In South African higher education the first two themes are closely linked with each other. Many of our writing centres have emerged as a remedial response to apartheid education. Black students growing up under apartheid were subjected to inferior education. Those who made it to university faced the double challenge of poor primary and secondary education, coupled with now having to study in a second or third language. Writing centres were developed to help these students, but this meant that writing centres were often stigmatized as places to send inadequate students whom no one else could help. What I enjoyed about our discussions on Consultants’ Day is that many of the consultants could now describe their environments as liberatory, empowering and transformative. Although there is still work to be done, we have some a long way.
I was particularly moved by the recognition of the liberatory nature (as Puleng Sefalane and Thembinkosi Mtonjeni (CPUT) described it) of our work with students in a country that has endured much injustice and oppression. The Freedom Charter (Klipdrift, 1955) asserts that “the doors of learning and culture shall be opened”. In 1994 those doors at last swung open in universities around South Africa. Access to education is now enshrined in the South African Bill of Rights. But in reality once students have stepped through those doors they often find themselves on their own in an alien and alienating academic culture. Writing centre work can help them to develop their academic voices and to excel and to claim their rightful place in society.
We arranged one day because we weren’t sure what to expect and did not want people to sit around with nothing to say. We need not have been concerned. After all, these are writing consultants. As Natashia Muna (UCT) said, “one day did not seem like enough time to really delve into all the issues that were raised during the Q & A sessions, and perhaps in the future a two-day conference might be a more productive option?”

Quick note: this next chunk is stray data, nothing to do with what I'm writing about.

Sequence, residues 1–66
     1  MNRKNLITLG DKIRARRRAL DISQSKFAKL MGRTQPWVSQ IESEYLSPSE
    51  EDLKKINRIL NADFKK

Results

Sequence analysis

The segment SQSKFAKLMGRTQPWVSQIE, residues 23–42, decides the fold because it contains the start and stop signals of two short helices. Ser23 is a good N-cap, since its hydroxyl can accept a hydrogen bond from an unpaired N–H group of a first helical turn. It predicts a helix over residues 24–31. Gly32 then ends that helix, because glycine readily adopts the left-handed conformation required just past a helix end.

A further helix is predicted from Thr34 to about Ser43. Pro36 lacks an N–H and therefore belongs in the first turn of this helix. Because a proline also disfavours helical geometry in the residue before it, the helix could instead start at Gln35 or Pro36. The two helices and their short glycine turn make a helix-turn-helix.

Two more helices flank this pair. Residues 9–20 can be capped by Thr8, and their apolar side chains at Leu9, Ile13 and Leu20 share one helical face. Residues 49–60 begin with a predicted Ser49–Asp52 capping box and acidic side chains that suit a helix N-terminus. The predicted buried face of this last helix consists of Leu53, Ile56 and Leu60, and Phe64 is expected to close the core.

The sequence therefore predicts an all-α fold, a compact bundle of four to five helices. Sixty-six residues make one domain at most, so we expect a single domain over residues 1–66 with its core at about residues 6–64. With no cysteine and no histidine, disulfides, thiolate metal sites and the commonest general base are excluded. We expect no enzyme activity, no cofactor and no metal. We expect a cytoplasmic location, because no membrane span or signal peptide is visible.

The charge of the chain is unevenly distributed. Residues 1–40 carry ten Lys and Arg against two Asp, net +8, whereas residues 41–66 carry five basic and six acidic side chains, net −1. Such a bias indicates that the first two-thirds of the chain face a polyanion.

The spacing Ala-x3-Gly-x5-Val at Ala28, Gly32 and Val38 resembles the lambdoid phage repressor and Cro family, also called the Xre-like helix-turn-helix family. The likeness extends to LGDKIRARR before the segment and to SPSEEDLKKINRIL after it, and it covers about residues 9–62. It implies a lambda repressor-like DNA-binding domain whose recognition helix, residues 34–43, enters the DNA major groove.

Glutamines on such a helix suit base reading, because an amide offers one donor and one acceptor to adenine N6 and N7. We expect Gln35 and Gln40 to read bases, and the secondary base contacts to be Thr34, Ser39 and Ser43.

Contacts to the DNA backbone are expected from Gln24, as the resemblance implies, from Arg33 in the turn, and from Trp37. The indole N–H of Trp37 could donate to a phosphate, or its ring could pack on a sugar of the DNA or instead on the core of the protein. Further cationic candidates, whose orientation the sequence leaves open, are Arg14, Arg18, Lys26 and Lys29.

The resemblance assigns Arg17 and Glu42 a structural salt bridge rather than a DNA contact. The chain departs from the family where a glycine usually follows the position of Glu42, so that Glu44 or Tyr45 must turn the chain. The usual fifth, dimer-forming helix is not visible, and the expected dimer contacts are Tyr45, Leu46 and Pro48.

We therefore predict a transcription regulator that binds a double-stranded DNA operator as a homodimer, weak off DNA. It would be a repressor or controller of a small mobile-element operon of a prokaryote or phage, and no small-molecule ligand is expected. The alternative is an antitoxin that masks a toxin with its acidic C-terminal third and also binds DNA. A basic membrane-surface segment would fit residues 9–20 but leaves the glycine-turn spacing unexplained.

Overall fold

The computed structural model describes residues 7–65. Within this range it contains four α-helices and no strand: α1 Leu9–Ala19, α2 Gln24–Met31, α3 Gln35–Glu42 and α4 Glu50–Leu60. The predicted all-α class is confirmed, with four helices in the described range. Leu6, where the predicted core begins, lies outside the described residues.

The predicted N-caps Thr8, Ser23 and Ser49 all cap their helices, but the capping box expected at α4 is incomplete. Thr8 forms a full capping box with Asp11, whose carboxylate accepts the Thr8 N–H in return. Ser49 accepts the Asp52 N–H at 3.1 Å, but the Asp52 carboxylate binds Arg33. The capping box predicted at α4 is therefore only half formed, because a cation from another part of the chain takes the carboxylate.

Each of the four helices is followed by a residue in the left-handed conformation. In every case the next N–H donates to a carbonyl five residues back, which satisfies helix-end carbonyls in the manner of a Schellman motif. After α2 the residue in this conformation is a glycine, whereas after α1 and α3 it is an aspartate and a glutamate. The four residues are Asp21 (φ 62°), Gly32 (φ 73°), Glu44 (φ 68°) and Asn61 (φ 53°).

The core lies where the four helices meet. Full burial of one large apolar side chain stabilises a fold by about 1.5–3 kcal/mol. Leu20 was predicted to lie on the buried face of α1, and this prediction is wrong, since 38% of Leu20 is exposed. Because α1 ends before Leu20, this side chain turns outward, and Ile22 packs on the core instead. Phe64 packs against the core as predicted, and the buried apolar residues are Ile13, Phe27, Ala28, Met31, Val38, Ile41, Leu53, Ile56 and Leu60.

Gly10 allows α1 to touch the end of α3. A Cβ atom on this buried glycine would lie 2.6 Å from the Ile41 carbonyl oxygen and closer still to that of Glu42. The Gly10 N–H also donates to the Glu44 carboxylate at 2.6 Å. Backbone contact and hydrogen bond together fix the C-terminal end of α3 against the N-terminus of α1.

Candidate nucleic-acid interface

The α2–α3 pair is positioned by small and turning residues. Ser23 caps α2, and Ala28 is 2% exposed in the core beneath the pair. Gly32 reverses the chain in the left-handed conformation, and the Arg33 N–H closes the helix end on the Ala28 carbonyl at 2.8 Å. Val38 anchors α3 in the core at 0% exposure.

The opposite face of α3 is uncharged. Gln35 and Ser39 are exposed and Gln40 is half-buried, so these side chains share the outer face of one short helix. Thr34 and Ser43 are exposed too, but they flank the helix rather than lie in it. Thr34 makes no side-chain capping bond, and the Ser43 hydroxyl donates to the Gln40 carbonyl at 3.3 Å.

Our plan in hosting this day was to open up a space for consultants to share ideas and to start to develop a sense of professional identity. I feel that we succeeded better than we could have hoped. Laura Dison describes the consultants from Wits School of Education as returning to work, “inspired to participate in this community of practice”. Taahira Goolam Hoosen (UCT) said: “I had an informative time at the Consultants Day and look forward to the next as this platform is very much needed. I enjoyed the engagement and the conversations that were sparked – it emphasised the value that writing centres and consultants play in empowering our educational institutions and beyond”. Fatima Slemming, a former head of the UWC writing centre, noted that “The consultants are clearly reflecting on their roles and the issues they encounter and their abilities to articulate these provide a sense of the aspects of writing centre work that can be built upon”.
The participants’ enthusiastic response has encouraged us to build on what we created this year and to plan for something more ambitious next time! My hope is that this type of platform will help consultants to develop a strong professional identity and a sense of personal value for the important work they do on our campuses. South Africa is a land in transition, facing many challenges. As writing consultants we can and do play a substantial part in tertiary education and be recognised for it.
If you would like to find out more about the day, some of us live-Tweeted from the conference using the hashtags #consultantsday2015 and #writingCDSA2015. My Twitter handle is @writinglab_rose. Other tweeters included @natashia_muna, @tyRa_Moola and @ @PhDgirlSA.